Table of Contents

Trade and Competition Law in the EU and Beyond

Trade and Competition Law in the EU and Beyond

Edited by Inge Govaere, Reinhard Quick and Marco Bronckers

This well-documented book comprises a stellar cast of European and American authors delivering an overview of cutting edge issues in the areas of trade and competition law, arising in the EU and beyond.

Chapter 3: Challenges in International Monetary Law

Thomas Cottier and Tetyana Payosova

Subjects: law - academic, competition and antitrust law, european law, international economic law, trade law


Thomas Cottier and Tetyana Payosova 3.1 INTRODUCTION Jacques Bourgeois – as an EC Commission official and a practicing lawyer – has been accustomed all his professional life to dealing with current affairs and burning issues. At the same time – as an academic and a distinguished scholar and professor – he has had a keen interest in the long-term issues of the multilateral trading system and the European Union’s role in it. He has always approached these issues with inspiring enthusiasm, enjoying the intricacies of a particular problem. It is therefore an appropriate homage to him, as a friend and colleague, to address a difficult challenge and issue that is both timely and long-term: the relationship between monetary and exchange rate policies currently being debated,1 and the potential role of the World Trade Organization (WTO) in addressing the subsidizing impact of undervalued currencies within the Agreement on Subsidies and Countervailing Duties. The chapter briefly expounds the current role of the International Monetary Fund (IMF) in monetary affairs and points out existing shortcomings. They run the risk of imposing burdens upon the WTO for which the Organization is not designed. The rule-based system may attract disputes of a magnitude and impact that would need to be addressed within a multilateral monetary system. The chapter makes a number of proposals as to how the IMF should be reformed, learning from the experiences of the rule-based trading system. While litigation on exchange rates policies may be beyond the law, properly speaking, mechanisms of...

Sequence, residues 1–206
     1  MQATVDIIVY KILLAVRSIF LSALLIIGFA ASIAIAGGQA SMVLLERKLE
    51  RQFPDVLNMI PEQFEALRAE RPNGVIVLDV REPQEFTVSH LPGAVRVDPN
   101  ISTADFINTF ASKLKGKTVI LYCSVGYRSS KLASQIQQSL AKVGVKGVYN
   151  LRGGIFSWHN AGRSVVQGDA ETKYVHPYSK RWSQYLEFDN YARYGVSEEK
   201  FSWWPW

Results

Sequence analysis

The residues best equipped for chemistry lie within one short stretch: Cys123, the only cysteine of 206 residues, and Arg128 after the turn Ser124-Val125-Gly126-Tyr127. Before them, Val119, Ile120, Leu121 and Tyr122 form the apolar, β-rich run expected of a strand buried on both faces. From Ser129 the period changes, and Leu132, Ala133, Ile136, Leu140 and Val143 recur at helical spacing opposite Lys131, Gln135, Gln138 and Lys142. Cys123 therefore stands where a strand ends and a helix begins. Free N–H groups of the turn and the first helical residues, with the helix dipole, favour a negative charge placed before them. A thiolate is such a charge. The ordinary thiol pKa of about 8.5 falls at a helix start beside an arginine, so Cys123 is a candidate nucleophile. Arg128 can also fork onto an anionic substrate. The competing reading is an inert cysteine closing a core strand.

You are not authenticated to view the full text of this chapter or article.

Elgaronline requires a subscription or purchase to access the full text of books or journals. Please login through your library system or with your personal username and password on the homepage.

Non-subscribers can freely search the site, view abstracts/ extracts and download selected front matter and introductory chapters for personal use.

Your library may not have purchased all subject areas. If you are authenticated and think you should have access to this title, please contact your librarian.

Further information